The songs that stick

Pianist combines rock, classical influences into original compositions

Posted: Thursday, July 13, 2000

When Juneau performer Rory Stitt takes the stage at the Silverbow Inn this Friday, he'll be drawing on his years of training as a classical pianist. But the influence of Janis Joplin and Rocky Horror will be even more profound.

The concert begins at 8 p.m. at the Silverbow's Back Room and will feature about 20 of Stitt's original songs, as well as a few of his favorite songs by other performers. The singer and pianist will be joined on a few songs by classical guitarist Kelly Grubb, harmony singer Betsy Sims and percussionist Annie Ward.

Stitt, 23, grew up in Juneau, a self-described ``brutally shy'' kid. He had never acted when director Anita Maynard-Losh coaxed him into auditioning for the lead in ``The Rocky Horror Show.''

The show proved to be one of the best-attended musicals in Perseverance Theatre's history. Stitt played Dr. Frank N. Furter, a swaggering, flamboyant and diabolical transvestite.

``It was transformational,'' Stitt said. ``Anita said, `On stage you can do things you're never going to do in real life.' She helped me open the doors on a lot of backed-up energy.''

Stitt has since performed in a number of Perseverance Theatre plays, most recently ``Angels in America'' and ``Romeo and Juliet.'' He served as the musical director for Perseverance's production of ``Goblin Market,'' and designed sound and composed music for ``The Seagull.''

Stitt said his grandfather Richard Stitt and his dad Rick Stitt both play guitar and sing, and growing up he was constantly surrounded by live music.

``Dad was a sound guy. He had a little company for a while doing sound for concerts. He was also in bands and he was always rehearsing,'' he said.

Stitt started piano at age 8, and within a few years was composing his own music. He was awarded grants by the Juneau Arts and Humanities Council to attend several summer music camps, and he took master classes at the University of Alaska Southeast.

He said he enjoyed listening to his dad's pop and rock music, but played mostly classical through his teen years.

``I always wanted to write music, and all this time I was trying to write classical,'' he said. ``That was really my desire, even before I could play. I I'd hear music and I wanted to be the person that wrote that.''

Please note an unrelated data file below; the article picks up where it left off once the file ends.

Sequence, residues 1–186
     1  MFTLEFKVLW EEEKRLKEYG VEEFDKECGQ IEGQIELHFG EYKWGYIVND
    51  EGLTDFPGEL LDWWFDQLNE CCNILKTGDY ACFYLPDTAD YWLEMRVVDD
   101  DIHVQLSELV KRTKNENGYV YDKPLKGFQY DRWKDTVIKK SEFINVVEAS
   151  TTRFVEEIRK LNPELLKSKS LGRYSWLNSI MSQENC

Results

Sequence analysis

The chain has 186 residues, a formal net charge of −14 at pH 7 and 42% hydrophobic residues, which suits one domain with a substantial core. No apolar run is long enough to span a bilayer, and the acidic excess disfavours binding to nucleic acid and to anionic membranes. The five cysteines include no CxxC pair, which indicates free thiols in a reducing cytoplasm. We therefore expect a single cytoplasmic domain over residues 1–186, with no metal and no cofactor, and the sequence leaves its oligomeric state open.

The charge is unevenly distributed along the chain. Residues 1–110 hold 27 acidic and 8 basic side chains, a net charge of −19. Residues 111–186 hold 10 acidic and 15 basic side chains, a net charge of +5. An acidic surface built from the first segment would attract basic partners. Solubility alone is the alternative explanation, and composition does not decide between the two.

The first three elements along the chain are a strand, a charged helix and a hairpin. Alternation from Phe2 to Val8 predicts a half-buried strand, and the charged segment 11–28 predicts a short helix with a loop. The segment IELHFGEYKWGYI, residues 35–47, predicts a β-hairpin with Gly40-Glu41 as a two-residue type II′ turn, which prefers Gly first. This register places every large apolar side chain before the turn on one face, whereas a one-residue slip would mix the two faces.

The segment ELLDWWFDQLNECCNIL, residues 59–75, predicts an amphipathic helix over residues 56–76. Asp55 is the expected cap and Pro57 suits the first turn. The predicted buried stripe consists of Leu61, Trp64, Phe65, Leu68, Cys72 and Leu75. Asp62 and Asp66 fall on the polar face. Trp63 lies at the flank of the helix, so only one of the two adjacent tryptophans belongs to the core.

He discovered the Texas-born blues and rock singer Janis Joplin when he was about 12 and fell in love.

``Janis Joplin really got me interested in performing,'' he said. ``Magnetizing an audience enough that they go with you to new and interesting places.''

Stitt began working professionally as a pianist in his mid-teens. He played instrumental dinner music in restaurants and was frequently hired to play for rehearsals and auditions, and by voice teachers to accompany voice lessons. He did not sing publicly, but he picked up singing tips and cash as he played scales for voice students.

``I'd go home and practice the things the teacher said,'' he said. ``More than that, I was imitating my favorite female vocalists. And singing really loud in the car.''

Stitt continued writing instrumental compositions, but started writing songs as well. He particularly admires the work of Joni Mitchell and Tori Amos, songwriters who share personal aspects of their lives but at the same time entertain their audience. He wants his songs to do the same.

``The biggest thing for me is honesty. The things I've felt best about and that other people have enjoyed the most are when I'm talking directly to myself, saying, here's what happened, how I felt.''

He said he's written about 50 songs over the years.

``I write about 10 a year, and maybe two or three have staying power,'' he said. ``I'll write songs where I'm beating myself up over and over, and then I'll write the one where I say, `It's all right.' And that's the one that sticks.''

Performing, he said, is all about giving.

``I try to be generous as possible, and when things work right the whole audience, or the one person you're singing to, is generous back -- really paying attention.''

Stitt plans to move to Portland, Ore., in September. He's started a recording project and would like to have it finished before he leaves. He said the Friday concert's $10 admission will go toward recording expenses.

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